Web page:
public static function main() {
        todosController = new TodosController();
    }

}

Finally you need an index.html which (at a minimum) loads jQuery, ember.js and your generated Javascript file.

See https://github.com/ccapndave/ember.hx-todos for a working example.

Metadata

Ember.hx implements some special metadata tags for working with bindings, properties and observers:

@:binding

The @:binding tag is applied to an instance variable, and creates a two-way binding between the variable and the target. For example, to make sure that a user variable always remains in sync with a loggedInUser variable in a controller you might use:

@:binding("MyApp.userController.loggedInUser")
public var user:User;

In the generated Javascript this would be translated to:

userBinding: "MyApp.userController.loggedInUser"

See http://emberjs.com/documentation/#toc_bindings for more details.

@:property

The @:property tag is applied to a function, and converts it into a computed property so that it can be used as a source for binding in templates or code via the @:binding tag. A list of dependant properties can be specified to tell Ember that if they change then any bindings linked to this computed property need to update.

@:property("speakers", "staff", "visitors")
public function totalAttendees() {
  return speakers + staff + visitors;
}

In the generated Javascript this would be translated to:

totalAttendees: function() {
    return this.get("speakers") + this.get("staff") + this.get("visitors");
}.property("speakers", "staff", "visitors")

See http://emberjs.com/documentation/#toc_computed-properties-getters for more details.

@:observes

The @:observes tag is applied to a function, and causes the function to be rerun if any of the listed properties changes.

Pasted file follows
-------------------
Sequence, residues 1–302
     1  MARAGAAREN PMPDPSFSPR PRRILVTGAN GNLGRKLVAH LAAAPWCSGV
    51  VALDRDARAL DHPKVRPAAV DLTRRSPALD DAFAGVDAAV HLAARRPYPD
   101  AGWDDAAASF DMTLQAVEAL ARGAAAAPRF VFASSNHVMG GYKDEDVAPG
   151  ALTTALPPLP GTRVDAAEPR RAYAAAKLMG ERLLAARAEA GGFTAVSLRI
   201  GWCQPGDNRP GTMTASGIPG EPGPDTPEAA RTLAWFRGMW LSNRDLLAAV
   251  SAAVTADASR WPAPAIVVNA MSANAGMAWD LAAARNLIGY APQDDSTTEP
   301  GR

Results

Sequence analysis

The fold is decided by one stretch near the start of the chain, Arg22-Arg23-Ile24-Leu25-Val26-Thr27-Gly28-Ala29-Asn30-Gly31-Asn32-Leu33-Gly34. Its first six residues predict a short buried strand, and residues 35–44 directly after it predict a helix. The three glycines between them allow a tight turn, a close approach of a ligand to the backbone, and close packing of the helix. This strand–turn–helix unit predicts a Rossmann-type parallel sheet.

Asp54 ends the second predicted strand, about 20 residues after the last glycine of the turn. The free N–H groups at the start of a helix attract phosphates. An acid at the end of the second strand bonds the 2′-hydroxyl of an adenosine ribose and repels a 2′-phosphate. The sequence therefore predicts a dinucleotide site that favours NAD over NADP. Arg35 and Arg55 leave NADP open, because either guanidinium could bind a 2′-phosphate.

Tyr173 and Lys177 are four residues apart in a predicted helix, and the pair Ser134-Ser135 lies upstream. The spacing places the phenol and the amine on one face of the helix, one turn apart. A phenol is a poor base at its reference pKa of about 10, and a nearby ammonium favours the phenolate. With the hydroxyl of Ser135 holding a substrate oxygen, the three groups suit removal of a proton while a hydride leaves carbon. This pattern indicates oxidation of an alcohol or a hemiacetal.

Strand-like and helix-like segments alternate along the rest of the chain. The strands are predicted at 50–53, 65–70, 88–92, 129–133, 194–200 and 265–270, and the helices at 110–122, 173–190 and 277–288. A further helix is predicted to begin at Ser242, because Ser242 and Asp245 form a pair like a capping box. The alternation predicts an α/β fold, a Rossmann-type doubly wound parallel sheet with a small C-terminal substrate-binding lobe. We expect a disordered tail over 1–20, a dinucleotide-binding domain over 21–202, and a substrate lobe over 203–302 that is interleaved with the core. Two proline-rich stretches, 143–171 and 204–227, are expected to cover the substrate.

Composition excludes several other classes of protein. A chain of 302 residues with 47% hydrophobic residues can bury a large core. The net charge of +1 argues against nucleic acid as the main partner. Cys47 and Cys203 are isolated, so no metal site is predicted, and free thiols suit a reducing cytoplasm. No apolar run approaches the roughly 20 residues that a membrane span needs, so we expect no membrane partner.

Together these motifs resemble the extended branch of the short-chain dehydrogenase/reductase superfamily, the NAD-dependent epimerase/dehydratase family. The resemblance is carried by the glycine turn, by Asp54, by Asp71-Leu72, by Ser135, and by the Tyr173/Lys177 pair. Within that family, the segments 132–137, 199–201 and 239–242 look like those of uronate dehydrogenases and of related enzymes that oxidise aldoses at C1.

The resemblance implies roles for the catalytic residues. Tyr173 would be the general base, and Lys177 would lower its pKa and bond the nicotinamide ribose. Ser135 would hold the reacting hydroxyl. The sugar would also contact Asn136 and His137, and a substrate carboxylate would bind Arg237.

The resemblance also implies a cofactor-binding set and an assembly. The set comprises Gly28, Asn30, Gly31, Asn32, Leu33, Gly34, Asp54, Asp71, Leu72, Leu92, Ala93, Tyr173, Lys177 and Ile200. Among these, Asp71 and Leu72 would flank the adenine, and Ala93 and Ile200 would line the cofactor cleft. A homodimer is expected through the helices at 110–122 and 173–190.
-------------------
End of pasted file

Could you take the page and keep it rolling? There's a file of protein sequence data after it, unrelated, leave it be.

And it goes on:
@:observes("totalAttendees")
public function runWhenTotalAttendeesChanges() {
    // do something
}

Since totalAttendees updates when speaker, staff or visitors changes, this means that the runWhenTotalAttendeesChanges function will execute when any of these change too!

In the generated Javascript this would be translated to:

runWhenTotalAttendeesChanges: function() {
    // do something
}.observes("totalAttendees")

See http://emberjs.com/documentation/#toc_observers for more details.

Caveats

  • Object-oriented constructors don't really translate over to Ember. Therefore never use the new constructor in Ember classes. Instead override the init function, which performs the same job in Ember. Always be sure to call super.init() at the end of the function otherwise your app will not function correctly.
class MyView extends View {
    override public function init() {
        // My initialisation code goes here
        super.init();
    }
}
  • All Ember classes you create must be in a package named with the lowercase version of the application namespace. So in the example above the namespace is Todos, so all controllers, views, etc must be in a package named todos. It is ok to nest these deeper in arbitrary sub-packages as long as the top level package is todos.

  • Views in Ember are often created by the template: {{view Todos.views.MainView}}. In order to make sure that Haxe knows to compile this class into the Javascript you need to have an import Todos.views.MainView statement in your application namespace class, otherwise you will get a Unable to find view at path 'Todos.view.MainView' error at runtime.

  • When you make a function into a computed property using @:property, you are actually changing the function into a property within the generated Javascript. Therefore you cannot access it from another class using, for example, Todos.todoController.remaining() as this will generate a Property 'remaining' of object is not a function. As a workaround for this access the property using Todos.todoController.get("remaining"). It is not necessary to use Ember's get and set methods for normal properties, and you can use computed properties normally in template bindings: Items remaining: {{Todos.todoController.remaining}}.

Contributing

Ember.hx currently includes only a small subset of available Ember classes, functions and properties (basically enough to make a working Todo example, plus the StateMachine). However, if you look at the code in the ember package you will see that it is extremely easy to include new features so as you use Ember.hx please add what you need and make pull requests back to the main repository.

When adding a new property or method please copy and paste the documentation from the matching Ember.js source code so that it gets shown in code completion.